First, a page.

Prankster Do Kwon achieves a goal, banker Mark Carney achieves a lot

Prankster Do Kwon achieves a goal, banker Mark Carney achieves a lot

Do Kwon.Image Bloomberg via Getty Images

Winner: Crypto Developer Do Kwon

Few people master the art of Zen as well as Do Kwon. The South Korean is suspected of defrauding Luna and terraUSD investors. When the cryptocurrency he founded in May of this year collapsed, nearly $40 billion dwindled.

Since then, there has been a real stalking of Kwon, who continues to send messages to the world on Twitter. When Singapore police recently reported that Kwon was no longer in the country, he stated on the social network that he was “not a fugitive”. The reaction of South Korean prosecutors: He is clearly a “fugitive”. On Wednesday, Interpol issued a worldwide request to transfer him to remand.

Kwon doesn’t let it get to his heart. If you don’t want to cry about him, you better laugh at him, apparently his motto. “Honestly haven’t walked in a while, I need to burn some calories,” he wrote on Twitter a few hours after his denial.

The wink thinks he’s already on the run BloombergColumnist Matt Levine is a breath of fresh air. What will the CEO of a traditional financial company do when tens of billions of customers are accused of smoking? Shut up and get a boring statement sent that he’s looking forward to clearing his name. And flee the country? ‘Probably! But tweet about it? Mostly not.’

When Kwon was asked in an interview last month what he thought of his prison sentence, the answer was immediate. “Life is long.” Look, then you are the head of a zen.

Photo by Mark Carney (Reuters)

Mark CarneyReuters photo

Loser: Banker Mark Carney

Do you want to keep as many frogs in the wheelbarrow as possible, or do you just want the frogs that have a real motivation to leave the pond? Mark Carney faced that tough choice this week. The former head of British and Canadian central banks leads the Glasgow Financial Alliance for Net Zero (Gfanz).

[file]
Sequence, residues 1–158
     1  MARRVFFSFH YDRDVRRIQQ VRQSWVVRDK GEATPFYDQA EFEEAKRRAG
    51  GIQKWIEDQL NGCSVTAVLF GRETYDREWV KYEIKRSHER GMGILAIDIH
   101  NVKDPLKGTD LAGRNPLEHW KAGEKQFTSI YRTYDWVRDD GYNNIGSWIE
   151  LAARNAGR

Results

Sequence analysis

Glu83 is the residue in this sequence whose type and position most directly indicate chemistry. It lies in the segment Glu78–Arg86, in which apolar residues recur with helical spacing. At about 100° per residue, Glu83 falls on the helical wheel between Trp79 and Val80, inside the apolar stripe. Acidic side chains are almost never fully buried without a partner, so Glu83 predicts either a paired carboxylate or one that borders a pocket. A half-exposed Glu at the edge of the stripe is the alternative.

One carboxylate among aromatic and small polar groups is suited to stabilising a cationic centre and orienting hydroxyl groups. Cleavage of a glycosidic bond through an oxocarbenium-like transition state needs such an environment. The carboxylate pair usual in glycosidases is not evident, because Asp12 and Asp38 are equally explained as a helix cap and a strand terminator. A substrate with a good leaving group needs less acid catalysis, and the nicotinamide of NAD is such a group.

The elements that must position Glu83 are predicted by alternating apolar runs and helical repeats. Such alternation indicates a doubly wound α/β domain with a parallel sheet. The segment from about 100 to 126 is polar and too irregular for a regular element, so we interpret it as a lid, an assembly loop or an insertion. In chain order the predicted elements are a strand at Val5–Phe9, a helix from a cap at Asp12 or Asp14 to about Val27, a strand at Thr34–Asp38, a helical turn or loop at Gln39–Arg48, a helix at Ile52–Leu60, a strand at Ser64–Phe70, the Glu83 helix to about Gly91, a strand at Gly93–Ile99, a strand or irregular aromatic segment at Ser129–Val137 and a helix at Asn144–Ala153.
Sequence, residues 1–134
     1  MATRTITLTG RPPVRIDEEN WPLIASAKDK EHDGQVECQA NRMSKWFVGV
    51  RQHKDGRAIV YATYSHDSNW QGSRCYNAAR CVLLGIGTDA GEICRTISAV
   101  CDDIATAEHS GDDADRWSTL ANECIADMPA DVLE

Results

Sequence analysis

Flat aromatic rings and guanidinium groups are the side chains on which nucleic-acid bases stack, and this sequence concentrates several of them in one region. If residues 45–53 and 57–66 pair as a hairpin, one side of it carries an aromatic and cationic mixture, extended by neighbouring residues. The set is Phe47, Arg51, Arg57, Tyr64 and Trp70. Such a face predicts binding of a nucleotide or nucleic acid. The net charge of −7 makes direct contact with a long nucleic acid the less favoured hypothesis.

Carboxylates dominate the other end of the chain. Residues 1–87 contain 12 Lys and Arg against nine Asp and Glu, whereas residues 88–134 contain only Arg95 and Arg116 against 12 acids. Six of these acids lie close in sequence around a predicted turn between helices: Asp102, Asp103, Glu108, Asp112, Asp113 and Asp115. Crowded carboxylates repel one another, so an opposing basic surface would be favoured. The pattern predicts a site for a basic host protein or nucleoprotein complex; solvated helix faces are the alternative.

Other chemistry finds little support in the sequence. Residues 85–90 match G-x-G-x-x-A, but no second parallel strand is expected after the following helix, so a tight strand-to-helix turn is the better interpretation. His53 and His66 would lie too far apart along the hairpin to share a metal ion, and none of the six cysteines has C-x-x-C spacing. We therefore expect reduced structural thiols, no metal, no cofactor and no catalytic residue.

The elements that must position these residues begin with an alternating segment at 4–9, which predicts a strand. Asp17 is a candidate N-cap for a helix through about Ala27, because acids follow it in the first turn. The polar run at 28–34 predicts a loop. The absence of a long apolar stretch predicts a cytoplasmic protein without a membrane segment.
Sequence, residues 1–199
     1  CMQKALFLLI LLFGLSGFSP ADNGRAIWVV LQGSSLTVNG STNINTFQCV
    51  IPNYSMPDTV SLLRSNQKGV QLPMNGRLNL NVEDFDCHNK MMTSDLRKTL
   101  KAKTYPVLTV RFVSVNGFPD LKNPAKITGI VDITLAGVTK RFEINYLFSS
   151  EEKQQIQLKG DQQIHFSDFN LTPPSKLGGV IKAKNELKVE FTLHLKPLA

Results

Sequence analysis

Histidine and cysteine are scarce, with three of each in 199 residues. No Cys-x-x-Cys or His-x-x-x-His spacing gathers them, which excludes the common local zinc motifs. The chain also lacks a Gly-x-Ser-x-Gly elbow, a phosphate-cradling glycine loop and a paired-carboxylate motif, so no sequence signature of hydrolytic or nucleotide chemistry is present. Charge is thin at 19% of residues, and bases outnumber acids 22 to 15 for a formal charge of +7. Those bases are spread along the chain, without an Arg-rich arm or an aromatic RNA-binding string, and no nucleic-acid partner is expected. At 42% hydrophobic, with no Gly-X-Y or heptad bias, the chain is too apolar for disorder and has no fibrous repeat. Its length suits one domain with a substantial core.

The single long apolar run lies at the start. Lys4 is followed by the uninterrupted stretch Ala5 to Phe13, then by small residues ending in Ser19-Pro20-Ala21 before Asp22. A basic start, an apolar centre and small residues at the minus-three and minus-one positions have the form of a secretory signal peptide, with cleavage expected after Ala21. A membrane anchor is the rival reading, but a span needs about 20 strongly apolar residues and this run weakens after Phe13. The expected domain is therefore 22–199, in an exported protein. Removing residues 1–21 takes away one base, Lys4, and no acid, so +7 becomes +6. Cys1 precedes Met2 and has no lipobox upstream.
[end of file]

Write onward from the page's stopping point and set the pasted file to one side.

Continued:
The club, which was founded last year, has more than five hundred banks, insurance companies and pension funds, which together manage 130,000 billion US dollars. The intent is to invest that money in a way that makes climate neutrality possible by 2050.

But the frogs JPMorgan Chase, Morgan Stanley and Bank of America are considering leaving the alliance, appeared this week. Big banks are unhappy with the tightening of rules by Race to Zero, the UN project on which Gfanz is built. For example, they are no longer allowed to give loans for new coal projects. In the US, this could lead to lawsuits, they fear, with many states requiring them to provide funding for this sector as well.

Carney agreed with the banks, the new rules are “over the line” and are being relaxed. Critics say the Canadian would have been better off sticking to the rules and sticking with banks that are serious about fighting climate change. In the background is the warning issued this week by UN Secretary-General António Guterres: “Climate action is being delayed.”

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